Money Saving Tips to Winterize Your Home
It’s winter again, and that means higher utility bills. If you’d like to save some money this cold season you should check out these home winterizing tips.
Get a “Smart Thermostat”
Believe us when we say you are going to save a significant amount of money by purchasing a programmable electronic thermostat if you still have one of those older rotary dial thermostats in your house or apartment. You can get one for as low as $20.00 (more expensive ones come with more bells and whistles, such as access to the web, and the ability to program it with your smartphone. These are certainly convenient, but will not necessarily save you money over an underlying model electronic thermostat).
For those who are shy about Do-it-yourself projects at home, this is one of the simpler ones since the new thermostat will hook up to the electrical leads attached to your old one (please follow all recommended safety precautions in the owner’s manual when following installation guides, we cannot stress this enough).
If you are renting, check with your landlord about purchasing and installing a smart thermostat; most reasonable owners will realize this is a better value for them as well. Smart thermostats can be programmed to engage the heating system during certain times of the day and shut off or lower the interior temperature during times when you don’t need it, such as when you’re out of the house or sleeping. Some estimates say you can save up to $180.00 over the course of the winter, and if you have a central air system, then a programmable thermostat will help you save money so you have to apply for title loans in Las Vegas to pay your cooling bills.
Gaps in windows – and to a lesser extent doors – are the number one source of air “leakage” in a home or apartment. Leakage is a term that describes unintended air flow, and in the winter months, that can mean cold drafts that cause the heating system to come on unnecessarily. When some people think of drafts, they think of a steady breeze coming through a gap in the window, but even a small fissure beneath a door or window can allow cold air to seep into a home without being felt.
The simplest way to check for leaks is the hand test. Turn on one of your bathroom fans in the house during a chilly day and start feeling around any gaps you see around your windows or doors. If you feel cold air coming in, a low-cost, easy-to-install rubber strip on the bottom of your door, or an inexpensive can of sealing caulk will help stop or significantly reduce the cold air inflow.
To check for smaller leaks, turn on your bathroom fan once again and light up an incense stick (no, we’re not kidding, just make sure you pick a smell you don’t mind), and hold it in front any place you might think there is a gap. If the smoke is drawn steadily toward the interior of your house, that’s a potential leak.
Check Your Insulation
Attics are a prime source of cold air. If you haven’t inspected your insulation in a few years, then it’s time to do so. Insulation is kind of like that lost sock in the laundry or the lost remote for the TV, and somehow it manages to bunch up or become displaced. Many times the insulation on the underside of the roof will eventually pull away from its fasteners. A few staples will remedy this situation and save you some money.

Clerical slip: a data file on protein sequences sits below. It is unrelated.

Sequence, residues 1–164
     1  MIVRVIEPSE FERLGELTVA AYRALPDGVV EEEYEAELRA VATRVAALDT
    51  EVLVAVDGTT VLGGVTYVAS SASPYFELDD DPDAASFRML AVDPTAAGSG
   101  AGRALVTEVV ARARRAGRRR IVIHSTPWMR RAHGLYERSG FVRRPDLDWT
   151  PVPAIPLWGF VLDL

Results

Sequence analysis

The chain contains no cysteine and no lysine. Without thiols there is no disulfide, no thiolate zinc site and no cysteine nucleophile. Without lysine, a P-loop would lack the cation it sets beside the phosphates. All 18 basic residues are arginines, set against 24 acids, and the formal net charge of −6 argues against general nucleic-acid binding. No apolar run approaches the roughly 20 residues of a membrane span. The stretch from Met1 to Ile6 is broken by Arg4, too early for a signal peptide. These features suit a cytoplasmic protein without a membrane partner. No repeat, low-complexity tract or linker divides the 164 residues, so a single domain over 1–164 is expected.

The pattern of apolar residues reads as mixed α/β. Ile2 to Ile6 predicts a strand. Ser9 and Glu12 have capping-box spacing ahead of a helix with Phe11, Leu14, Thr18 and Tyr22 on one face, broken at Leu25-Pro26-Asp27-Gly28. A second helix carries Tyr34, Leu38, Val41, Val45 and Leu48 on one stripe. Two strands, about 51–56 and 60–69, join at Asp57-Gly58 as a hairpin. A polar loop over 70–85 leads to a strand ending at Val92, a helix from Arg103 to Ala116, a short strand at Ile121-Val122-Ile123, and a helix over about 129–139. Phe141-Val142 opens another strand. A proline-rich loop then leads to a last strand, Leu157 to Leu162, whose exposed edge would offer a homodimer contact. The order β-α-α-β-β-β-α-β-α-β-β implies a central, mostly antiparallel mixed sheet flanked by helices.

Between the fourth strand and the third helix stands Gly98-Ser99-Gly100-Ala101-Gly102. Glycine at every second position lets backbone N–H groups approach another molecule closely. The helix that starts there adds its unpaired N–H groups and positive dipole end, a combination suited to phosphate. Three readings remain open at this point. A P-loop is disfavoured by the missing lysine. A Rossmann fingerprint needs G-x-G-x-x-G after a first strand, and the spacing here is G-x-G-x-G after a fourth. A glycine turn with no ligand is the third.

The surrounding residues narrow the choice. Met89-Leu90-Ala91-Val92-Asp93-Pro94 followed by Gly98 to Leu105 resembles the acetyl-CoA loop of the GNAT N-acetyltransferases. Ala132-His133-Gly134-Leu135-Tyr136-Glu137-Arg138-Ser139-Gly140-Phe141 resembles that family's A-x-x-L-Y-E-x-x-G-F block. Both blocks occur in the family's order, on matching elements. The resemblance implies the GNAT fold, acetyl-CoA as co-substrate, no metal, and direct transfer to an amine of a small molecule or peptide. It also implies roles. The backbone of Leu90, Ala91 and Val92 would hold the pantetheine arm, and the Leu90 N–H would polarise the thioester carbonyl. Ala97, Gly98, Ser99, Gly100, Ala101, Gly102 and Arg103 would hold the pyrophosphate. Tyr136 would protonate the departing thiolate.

Seal the Chimney
A lot of people don’t use the fireplaces in their homes anymore, but assume that closing the flue will solve the problem of cold air coming down the chimney. But have you checked the area around your fireplace, even when the flue is closed? Chances are you’ll still feel a draft.
You can put a temporary seal on your chimney with some heavy duty plastic and sealant either from the ground level, just at the point where your chimney begins, or up on the roof (please use all safety precautions). If you choose the roof option, make sure you seal the chimney just below the inside top, and not around the outside where the weather can get at it.
Change Your Filter
Most filters on central heating systems can be purchased for under $20.00, and while many people inspect them, even the smallest layer of dust and debris can inhibit air flow. Freer flowing air means less time the heater is on which translates to savings on your utility bill and you won’t need to apply for a Nevada title loan to pay off heat bill.
Insulate Your Pipes
You’d be surprised how much energy is wasted from exposed copper pipes under the house, or even in the water heater closet. Water that sits in those pipes will always cool off, but insulating those pipes will slow the process and make your water heater work less. Speaking of water heaters…
Turn down the Hot Water
Check the setting on your water heater. Most manufacturers pre-set water heaters to 140 degrees. You can still get decent hot water if you set it to 120 degrees which, again, will make your water heater come on less often and save you money on the utility bill.